PROVIDENCE, R.I. (WPRI) — Rhode Island Gov. Gina Raimondo said Tuesday some college students have told her the cost of textbooks can keep some people from going to college altogether.
Since Gov. Raimondo announced a goal last week to get Rhode Islanders more educated — putting a deadline of 2025 to have 70 percent of Rhode Islanders having earned at least an associate’s degree — she announced an idea that some might term revolutionary.
“The Rhode Island Open Textbook Initiative will help train librarians, faculty, and students to identify and incorporate openly licensed textbooks and put $5 million back in students’ pockets,” Gov. Raimondo said at Tuesday’s announcement.
Open-source textbooks replace a traditional textbook with free, peer-reviewed textbooks that can be used at no cost, and on a digital viewer — instead of being purchased at a high cost for a smaller run of seriously durable hardbound books.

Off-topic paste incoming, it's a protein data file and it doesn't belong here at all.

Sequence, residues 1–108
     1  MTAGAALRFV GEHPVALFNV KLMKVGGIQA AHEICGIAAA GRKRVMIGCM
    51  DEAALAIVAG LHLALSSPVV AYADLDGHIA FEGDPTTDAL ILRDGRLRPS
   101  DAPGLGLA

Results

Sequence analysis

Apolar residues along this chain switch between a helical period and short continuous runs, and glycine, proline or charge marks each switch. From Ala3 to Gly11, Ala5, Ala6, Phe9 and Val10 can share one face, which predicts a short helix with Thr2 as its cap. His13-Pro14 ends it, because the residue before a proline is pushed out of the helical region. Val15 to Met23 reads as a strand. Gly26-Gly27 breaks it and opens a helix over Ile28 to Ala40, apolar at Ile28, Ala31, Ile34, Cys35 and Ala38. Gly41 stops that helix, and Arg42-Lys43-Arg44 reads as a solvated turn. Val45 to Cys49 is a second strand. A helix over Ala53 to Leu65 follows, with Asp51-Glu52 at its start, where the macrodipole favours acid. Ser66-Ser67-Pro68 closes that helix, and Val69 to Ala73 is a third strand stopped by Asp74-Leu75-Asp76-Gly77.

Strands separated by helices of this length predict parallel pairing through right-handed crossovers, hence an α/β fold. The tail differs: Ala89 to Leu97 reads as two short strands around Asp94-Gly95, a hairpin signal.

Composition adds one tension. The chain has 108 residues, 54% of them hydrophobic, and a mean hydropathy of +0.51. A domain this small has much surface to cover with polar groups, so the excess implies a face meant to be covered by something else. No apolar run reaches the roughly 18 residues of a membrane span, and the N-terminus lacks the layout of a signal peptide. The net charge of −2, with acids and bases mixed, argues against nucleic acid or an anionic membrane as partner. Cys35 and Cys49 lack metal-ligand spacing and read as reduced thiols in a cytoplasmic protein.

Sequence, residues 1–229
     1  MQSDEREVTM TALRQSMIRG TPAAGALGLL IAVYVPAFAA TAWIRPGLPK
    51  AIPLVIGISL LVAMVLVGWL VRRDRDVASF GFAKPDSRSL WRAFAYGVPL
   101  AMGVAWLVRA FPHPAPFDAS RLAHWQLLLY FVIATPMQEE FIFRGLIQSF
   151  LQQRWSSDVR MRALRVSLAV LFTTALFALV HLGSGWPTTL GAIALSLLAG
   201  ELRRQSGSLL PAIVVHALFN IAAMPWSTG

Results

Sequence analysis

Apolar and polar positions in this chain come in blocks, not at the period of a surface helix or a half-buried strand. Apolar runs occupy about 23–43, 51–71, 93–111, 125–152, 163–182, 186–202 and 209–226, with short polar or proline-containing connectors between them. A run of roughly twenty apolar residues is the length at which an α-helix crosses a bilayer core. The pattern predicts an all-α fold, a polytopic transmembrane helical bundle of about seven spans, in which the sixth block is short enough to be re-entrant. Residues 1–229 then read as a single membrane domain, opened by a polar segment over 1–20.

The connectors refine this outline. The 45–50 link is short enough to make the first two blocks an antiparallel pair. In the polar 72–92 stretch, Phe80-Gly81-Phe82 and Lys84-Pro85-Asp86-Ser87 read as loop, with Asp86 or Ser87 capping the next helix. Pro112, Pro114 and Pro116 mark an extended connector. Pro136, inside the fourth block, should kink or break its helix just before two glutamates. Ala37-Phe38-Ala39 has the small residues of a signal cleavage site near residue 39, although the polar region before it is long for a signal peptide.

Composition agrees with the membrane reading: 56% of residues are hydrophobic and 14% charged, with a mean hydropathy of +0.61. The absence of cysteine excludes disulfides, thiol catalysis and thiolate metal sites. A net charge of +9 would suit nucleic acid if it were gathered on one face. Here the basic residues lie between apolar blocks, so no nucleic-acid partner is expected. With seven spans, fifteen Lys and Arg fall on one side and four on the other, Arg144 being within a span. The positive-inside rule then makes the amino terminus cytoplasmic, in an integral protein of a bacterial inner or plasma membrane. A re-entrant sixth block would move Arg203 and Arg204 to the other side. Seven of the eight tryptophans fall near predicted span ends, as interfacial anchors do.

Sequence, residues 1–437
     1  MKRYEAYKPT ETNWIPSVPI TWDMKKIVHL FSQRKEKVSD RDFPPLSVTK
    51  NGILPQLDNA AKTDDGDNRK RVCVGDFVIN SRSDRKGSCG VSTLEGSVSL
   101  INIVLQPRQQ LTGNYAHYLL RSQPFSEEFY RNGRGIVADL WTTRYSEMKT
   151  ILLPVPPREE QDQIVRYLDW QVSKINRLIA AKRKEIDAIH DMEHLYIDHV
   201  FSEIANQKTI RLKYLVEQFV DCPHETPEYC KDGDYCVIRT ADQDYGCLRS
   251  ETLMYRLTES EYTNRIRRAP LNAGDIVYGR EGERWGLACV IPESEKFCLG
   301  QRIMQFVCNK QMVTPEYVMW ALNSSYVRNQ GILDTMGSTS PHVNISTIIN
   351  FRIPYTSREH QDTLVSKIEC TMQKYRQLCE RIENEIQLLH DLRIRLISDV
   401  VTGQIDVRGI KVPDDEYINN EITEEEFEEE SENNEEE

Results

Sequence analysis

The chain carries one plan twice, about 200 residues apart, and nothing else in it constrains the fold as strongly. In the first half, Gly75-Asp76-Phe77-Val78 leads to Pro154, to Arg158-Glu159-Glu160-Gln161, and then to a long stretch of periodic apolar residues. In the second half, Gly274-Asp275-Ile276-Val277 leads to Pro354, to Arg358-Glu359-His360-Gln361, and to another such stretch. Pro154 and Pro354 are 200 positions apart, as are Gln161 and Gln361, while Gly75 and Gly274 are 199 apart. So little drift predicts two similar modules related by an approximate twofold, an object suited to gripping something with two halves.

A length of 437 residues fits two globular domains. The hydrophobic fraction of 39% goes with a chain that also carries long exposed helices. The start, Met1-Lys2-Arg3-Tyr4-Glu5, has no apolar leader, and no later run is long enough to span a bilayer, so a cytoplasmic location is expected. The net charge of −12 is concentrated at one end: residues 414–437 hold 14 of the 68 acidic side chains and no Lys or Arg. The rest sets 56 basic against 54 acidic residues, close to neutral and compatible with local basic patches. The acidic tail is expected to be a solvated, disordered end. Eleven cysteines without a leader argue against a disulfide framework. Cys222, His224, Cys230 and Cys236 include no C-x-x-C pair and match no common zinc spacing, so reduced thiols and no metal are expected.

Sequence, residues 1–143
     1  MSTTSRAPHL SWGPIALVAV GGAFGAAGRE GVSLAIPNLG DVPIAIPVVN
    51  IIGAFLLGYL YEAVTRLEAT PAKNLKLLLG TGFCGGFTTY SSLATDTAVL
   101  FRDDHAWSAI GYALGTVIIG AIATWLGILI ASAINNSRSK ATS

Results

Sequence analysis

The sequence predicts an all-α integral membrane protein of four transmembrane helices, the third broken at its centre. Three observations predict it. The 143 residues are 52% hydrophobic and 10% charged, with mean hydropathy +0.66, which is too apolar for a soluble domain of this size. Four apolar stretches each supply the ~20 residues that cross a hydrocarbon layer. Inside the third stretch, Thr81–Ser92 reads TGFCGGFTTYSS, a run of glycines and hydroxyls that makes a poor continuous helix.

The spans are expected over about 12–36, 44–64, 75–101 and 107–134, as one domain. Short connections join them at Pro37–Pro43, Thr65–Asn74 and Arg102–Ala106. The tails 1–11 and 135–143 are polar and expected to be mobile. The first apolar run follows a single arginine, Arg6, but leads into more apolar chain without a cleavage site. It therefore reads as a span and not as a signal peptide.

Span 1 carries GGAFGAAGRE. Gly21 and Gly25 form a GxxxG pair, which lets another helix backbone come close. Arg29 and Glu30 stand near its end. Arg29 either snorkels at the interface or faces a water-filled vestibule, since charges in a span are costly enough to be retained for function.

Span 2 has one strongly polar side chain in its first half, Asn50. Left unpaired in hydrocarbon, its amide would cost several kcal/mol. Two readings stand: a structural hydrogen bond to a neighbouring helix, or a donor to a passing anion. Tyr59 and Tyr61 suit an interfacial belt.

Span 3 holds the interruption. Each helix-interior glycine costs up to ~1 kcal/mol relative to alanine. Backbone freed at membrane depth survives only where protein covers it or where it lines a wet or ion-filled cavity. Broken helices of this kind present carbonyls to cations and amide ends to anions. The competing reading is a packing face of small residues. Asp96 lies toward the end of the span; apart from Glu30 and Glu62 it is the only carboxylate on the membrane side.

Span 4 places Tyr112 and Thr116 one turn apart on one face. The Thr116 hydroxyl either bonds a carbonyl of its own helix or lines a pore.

Open-source material, like encyclopedia entries on online encyclopedia Wikipedia, is usually disseminated with a license that understands that the material’s author will be credited for their work, wherever the work is shared.
The announcement was made at Rhode Island College, where a biology class is launching a pilot program with open-source textbooks for this school year.
Besides RIC, the following colleges and universities are also supporting the plan, the governor’s office said: the University of Rhode Island, the Community College of Rhode Island, Bryant University, Brown University, Roger Williams University, and the New England Institute of Technology.
Raimondo’s goal to get Rhode Islanders to earn degrees stems from an estimate that seven out of 10 jobs created in the near future will require more than a high school diploma.